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Power Electronics is the branch of Electronics concerned with the processing of electrical energy. Power converters are used to convert electrical energy from one form to the other. Since electrical sources can be either DC or AC there are four basic types of converters: AC-DC, DC-AC, AC-AC, and DC-DC.
Although nonlinear effects in electronic circuits were first observed by Van der Pol in 1927, it is only recently that the existence of bifurcations and chaos in power converters has been proposed. (Actually, engineers were aware of its occurrence even earlier due to the sound made by vibrating magnetics, often referred to as "raucuous whine" or "frying bacon" !)
Much research effort has been spent analysing nonlinear phenomena in the DC/DC "buck" converter. This circuit is used when a DC voltage needs to be converted to a lower value. This is generally achieved by ``chopping'' and filtering the input voltage through an appropriate ``switching'' action.
In a noise and perturbation free environment, given the desired output voltage, the switching frequency can be selected and the switches turned on and off according to a fixed pattern. This functioning mode is called "open loop" behaviour. However, in real applications noise is always present; moreover, the load usually is not fixed but varies and the input voltage source can be affected by external disturbances; hence the need for some kind of control action or "closed loop". The control usually implemented is PWM (Pulse Width Modulation), which is a form of state feedback control; the switching element is turned on or off whenever a linear combination of the circuit states (current and voltage) crosses a given reference signal.
From the mathematical view point, PWM controlled DC/DC buck converters can be modelled by piece-wise linear models, whose topologies change according to the given PWM law. Both experiments and simulations have shown that this type of circuit exhibits several types of bifurcation and chaos as the input voltage is varied. Their bifurcation diagram, shown in Figure 1, contains several interesting features. In particular, a first period doubling cascade is interrupted by a sudden enlargement of the resulting chaotic attractor which has a well-defined structure and exists for a wide parameter range. Moreover, many secondary bifurcations have been detected.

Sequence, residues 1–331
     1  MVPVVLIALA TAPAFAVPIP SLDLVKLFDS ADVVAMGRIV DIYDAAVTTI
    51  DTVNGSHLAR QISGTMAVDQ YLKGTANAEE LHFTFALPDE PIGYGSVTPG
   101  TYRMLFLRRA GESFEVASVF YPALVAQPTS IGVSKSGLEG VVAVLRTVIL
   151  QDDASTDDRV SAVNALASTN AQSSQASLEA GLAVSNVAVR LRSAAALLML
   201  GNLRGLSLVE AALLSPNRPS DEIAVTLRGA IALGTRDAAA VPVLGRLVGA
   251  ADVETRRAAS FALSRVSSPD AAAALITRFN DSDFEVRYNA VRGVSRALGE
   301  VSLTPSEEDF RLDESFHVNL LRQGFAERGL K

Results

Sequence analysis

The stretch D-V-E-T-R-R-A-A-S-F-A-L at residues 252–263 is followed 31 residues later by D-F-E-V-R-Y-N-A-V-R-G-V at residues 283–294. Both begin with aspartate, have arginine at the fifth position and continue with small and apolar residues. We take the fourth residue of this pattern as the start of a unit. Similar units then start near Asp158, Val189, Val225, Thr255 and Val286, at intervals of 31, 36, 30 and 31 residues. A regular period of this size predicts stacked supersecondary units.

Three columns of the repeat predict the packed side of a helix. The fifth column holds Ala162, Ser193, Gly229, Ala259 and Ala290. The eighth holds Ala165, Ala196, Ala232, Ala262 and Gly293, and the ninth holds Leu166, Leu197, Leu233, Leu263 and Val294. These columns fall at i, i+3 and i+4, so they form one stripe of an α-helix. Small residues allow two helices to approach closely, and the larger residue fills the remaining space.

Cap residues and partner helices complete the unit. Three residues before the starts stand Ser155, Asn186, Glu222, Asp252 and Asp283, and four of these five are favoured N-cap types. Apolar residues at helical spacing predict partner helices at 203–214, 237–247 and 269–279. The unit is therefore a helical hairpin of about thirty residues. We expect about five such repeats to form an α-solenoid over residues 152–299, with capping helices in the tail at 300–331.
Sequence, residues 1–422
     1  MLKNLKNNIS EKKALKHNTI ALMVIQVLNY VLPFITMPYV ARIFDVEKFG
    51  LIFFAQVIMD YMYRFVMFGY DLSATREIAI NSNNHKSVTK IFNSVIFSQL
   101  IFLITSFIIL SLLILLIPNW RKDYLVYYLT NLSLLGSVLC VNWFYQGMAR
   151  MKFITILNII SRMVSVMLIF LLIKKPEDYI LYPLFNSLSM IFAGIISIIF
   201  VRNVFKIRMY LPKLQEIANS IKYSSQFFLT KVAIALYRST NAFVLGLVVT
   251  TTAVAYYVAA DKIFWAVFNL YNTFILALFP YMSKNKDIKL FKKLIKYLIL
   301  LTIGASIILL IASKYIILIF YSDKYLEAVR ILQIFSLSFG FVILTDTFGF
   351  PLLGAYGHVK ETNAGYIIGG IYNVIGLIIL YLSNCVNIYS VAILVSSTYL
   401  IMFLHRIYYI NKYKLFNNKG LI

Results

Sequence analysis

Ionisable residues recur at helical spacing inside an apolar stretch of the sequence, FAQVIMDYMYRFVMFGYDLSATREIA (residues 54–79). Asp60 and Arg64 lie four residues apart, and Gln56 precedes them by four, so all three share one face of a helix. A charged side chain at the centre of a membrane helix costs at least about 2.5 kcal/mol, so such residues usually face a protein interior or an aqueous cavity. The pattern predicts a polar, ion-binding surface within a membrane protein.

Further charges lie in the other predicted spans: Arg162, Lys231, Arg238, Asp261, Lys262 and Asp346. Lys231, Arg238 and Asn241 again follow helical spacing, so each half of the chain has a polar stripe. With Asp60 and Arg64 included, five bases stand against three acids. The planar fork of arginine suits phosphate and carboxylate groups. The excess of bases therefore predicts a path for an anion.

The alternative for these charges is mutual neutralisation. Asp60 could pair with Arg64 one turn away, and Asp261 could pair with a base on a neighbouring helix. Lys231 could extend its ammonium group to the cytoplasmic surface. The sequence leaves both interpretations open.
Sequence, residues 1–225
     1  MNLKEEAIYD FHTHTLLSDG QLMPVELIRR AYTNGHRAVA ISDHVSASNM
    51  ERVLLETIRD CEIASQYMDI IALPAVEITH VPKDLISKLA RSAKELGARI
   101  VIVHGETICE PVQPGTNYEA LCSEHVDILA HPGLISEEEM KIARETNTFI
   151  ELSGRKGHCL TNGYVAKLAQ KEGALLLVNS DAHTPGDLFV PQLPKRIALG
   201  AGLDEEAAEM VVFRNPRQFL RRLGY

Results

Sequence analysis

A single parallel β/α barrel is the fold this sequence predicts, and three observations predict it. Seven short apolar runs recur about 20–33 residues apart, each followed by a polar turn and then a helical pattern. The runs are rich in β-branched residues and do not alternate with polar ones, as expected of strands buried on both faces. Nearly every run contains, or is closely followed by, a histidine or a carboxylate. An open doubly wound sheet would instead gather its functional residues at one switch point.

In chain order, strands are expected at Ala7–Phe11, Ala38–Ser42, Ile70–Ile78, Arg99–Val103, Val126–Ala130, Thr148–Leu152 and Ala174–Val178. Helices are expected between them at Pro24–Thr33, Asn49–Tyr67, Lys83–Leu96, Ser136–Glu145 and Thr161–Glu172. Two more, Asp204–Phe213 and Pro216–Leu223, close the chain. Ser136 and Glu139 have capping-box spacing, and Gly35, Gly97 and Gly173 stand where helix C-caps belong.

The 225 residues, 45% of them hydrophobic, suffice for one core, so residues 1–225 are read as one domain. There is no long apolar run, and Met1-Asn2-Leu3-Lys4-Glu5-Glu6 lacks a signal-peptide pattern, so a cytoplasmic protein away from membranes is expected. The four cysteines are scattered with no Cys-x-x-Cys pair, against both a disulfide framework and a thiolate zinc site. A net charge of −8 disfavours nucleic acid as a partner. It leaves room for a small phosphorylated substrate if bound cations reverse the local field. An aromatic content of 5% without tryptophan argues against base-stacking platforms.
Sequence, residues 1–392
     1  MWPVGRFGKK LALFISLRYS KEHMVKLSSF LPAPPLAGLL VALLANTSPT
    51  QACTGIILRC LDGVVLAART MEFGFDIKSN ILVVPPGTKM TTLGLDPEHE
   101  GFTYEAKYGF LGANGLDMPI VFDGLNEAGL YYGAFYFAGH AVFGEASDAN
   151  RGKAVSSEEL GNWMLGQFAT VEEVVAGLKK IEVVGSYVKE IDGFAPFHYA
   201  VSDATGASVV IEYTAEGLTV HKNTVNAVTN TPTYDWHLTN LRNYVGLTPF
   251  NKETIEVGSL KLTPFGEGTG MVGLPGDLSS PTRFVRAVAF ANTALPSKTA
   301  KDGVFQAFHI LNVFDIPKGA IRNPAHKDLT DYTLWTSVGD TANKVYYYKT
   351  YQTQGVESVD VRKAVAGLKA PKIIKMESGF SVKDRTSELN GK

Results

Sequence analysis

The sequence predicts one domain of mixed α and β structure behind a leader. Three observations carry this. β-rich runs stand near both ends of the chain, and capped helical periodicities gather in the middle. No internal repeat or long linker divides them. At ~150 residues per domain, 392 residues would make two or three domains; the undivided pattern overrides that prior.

The analysis of this system has traditionally used stroboscopic maps. This left many of these phenomena unexplained, due to the discontinuous nature of the system. Recently a deeper insight into the system dynamics has been gained by using tools typical of piece-wise linear systems. For instance, appropriately defined "impact maps" have been used to locate bifurcation points analytically and to explain the nature of the chaotic attractor. Unexpected links with other piece-wise linear system, such as impact oscillators and suspension bridges, were also found.
The wide spread use of these circuits motivates the need for a deeper understanding of the appearance and nature of their bifurcations and their chaotic attractors. Such knowledge could be used to improve their performance and in finding new fields of application. For example, the aim of the control scheme of a DC/DC converter is to stabilise its output onto a desired periodic solution. Here chaos control techniques could be exploited to solve the problem. Moreover, given the density of periodic orbits embedded in a chaotic attractor, flexibility could be gained. It is possible to think of a circuit whose output quickly switches from one periodic orbit to the other by slight parameter perturbations (in the OGY control method sense). Current research in this direction seems to confirm that this is indeed possible and recently a chaos control scheme for this class of dynamical systems has been proposed and experimentally implemented.
In a noise sensitive environment the sudden broadening of the sub-harmonic content of a converter output, due to chaos, is undesired. In this case knowledge of the chaotic regime of the converter could be exploited to delay or avoid its appearance.
Finally, Power Electronics is incredibly rich with nonlinear phenomena. Many electronic circuits have been investigated, both numerically and experimentally, and in almost all bifurcations and chaos were detected. The study of these phenomena have immediate consequences in applications and hence there is the opportunity for nonlinear dynamics to make a significant contribution.